I feel very called to hold both the physical embodiment of futurism and abolition, because so much of my life has been so cerebral. I don’t want people to think abolition, I want them to feel abolition in their bodies. These are all systems we’ve absorbed, and have been told that these are the only structures in existence and in being in relationship with one another. So much of what I reflected on in this time of uprising, both as an artist and as a Black person and a queer person, is, ‘Wow, this is what it may have felt like at Stonewall.’ A lot of queer folks and a lot of trans folks are leading these Black movements now, which to me is so necessary. There’s a necessary imagination that comes with having a queered reality. We need to queer our imagination around how we show up for care and show up for harm.  There’s so much that I’ve discovered through having to face the journey of becoming myself.

I hold very deeply the lineage of being a Black person born in the United States, of parents that were born in the Caribbean, and the ways that I’ve held those Blacknesses, which overlap and relationship mutually with one another but are still distinct. These ideas of Blackness are extremely expansive, as well as essential; [they] can be very specific to community, and are also borderless. Black bodies have become such a stigmatized thing and triggering within our collective psyche, whether you’re Black or not. Everybody is taught that Blackness is a scary, criminalized thing. This has totally concealed the real violence that is happening against our societies.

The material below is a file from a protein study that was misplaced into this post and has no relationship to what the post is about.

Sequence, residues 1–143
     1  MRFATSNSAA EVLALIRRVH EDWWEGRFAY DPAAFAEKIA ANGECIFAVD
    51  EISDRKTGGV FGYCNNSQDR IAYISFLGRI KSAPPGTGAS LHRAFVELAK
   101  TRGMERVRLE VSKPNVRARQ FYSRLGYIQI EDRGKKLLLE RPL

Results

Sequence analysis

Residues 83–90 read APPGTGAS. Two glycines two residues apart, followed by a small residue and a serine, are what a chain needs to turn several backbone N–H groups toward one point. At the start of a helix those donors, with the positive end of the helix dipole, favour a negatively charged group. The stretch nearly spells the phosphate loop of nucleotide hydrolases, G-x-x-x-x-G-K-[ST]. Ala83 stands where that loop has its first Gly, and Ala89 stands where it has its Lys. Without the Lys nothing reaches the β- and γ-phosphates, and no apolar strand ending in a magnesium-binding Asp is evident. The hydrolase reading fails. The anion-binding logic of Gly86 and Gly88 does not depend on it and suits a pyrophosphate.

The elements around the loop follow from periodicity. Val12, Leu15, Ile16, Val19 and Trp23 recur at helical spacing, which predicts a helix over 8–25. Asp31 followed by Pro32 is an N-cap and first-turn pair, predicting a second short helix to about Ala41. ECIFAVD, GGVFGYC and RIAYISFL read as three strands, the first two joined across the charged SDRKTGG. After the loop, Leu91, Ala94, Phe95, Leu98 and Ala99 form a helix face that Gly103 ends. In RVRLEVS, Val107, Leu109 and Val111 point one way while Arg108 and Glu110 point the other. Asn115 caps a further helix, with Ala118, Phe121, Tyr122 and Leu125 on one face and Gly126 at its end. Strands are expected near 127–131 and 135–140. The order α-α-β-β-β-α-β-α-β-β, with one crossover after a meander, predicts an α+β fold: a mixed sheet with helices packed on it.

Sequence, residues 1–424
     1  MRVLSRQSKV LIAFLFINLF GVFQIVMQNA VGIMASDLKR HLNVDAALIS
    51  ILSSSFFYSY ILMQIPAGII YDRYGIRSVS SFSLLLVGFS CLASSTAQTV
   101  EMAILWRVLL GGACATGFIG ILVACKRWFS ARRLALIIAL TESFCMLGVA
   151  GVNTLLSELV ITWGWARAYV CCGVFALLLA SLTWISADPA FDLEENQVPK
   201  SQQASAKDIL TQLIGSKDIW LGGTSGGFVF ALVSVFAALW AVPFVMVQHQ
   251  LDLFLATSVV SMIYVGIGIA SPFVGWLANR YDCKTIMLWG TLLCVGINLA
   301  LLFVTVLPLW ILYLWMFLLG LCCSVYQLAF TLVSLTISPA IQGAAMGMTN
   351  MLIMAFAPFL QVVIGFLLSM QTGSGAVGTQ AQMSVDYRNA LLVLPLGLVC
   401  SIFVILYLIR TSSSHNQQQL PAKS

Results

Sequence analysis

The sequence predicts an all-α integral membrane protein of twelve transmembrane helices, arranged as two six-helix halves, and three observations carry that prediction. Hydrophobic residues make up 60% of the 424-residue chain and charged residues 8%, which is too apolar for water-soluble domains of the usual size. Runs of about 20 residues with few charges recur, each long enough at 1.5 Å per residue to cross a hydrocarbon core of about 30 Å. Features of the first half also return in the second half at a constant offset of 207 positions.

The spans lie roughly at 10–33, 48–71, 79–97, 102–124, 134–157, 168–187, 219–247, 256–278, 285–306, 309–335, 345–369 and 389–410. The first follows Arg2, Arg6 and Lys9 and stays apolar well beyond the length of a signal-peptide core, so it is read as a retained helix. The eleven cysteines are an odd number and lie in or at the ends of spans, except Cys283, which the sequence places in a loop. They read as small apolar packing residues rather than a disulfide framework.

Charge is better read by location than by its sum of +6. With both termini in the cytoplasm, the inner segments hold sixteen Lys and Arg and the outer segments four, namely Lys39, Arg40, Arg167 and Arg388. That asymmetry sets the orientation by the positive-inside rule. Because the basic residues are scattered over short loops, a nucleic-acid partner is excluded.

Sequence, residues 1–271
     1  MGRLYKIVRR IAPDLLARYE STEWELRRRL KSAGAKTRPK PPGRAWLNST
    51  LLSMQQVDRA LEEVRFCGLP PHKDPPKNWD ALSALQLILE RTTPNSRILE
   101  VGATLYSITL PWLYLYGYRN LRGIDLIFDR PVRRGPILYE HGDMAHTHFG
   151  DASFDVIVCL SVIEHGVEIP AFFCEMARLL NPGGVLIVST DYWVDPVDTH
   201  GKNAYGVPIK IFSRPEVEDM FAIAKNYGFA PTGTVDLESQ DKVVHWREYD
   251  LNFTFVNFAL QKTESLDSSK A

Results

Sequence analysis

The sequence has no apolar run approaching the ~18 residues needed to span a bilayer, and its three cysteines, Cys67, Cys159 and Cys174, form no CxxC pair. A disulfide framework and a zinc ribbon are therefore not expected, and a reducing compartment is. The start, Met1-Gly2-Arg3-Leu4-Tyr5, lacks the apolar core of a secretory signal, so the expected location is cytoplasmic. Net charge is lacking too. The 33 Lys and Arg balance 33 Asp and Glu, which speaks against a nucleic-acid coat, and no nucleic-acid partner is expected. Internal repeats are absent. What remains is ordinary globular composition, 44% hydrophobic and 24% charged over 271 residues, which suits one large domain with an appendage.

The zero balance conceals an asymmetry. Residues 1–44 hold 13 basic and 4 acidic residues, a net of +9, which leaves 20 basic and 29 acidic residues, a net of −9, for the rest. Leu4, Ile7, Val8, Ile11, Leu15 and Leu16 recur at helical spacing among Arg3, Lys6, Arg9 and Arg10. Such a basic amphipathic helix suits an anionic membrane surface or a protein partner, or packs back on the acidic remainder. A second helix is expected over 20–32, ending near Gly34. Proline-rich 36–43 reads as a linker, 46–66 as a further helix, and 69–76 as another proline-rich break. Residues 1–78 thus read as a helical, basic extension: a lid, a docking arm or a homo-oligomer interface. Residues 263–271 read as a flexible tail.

The work I’m doing right now around Black artistry… I just wanna be present. I think for a while, when we initially got the opportunity to develop a project, I had all these ideas and they were very much ideas that pushed me out of myself. It’s very typical to the art I make, where it’s bringing community together. [With] the coronavirus…I wasn’t able to be in spaces rehearsing in the way I may have imagined. Then the uprising happened. All of it was so emotional and so deep, that it was hard for me to understand what I need to be doing in this moment for a creative piece, and I struggled with it. I’ve landed on that, I just want to be present with myself. It’s kind of like being a child. I was just wildly and widely curious and present and paying attention and being observant. I’m just trying to be present with myself and not trying to do the rigamarole. For the container, it’s going to be film work, so I’m working with a filmmaker, Adriana Foreman, to capture some things with me. I also want to do a lot of writing about how I’m feeling right now and share it with people.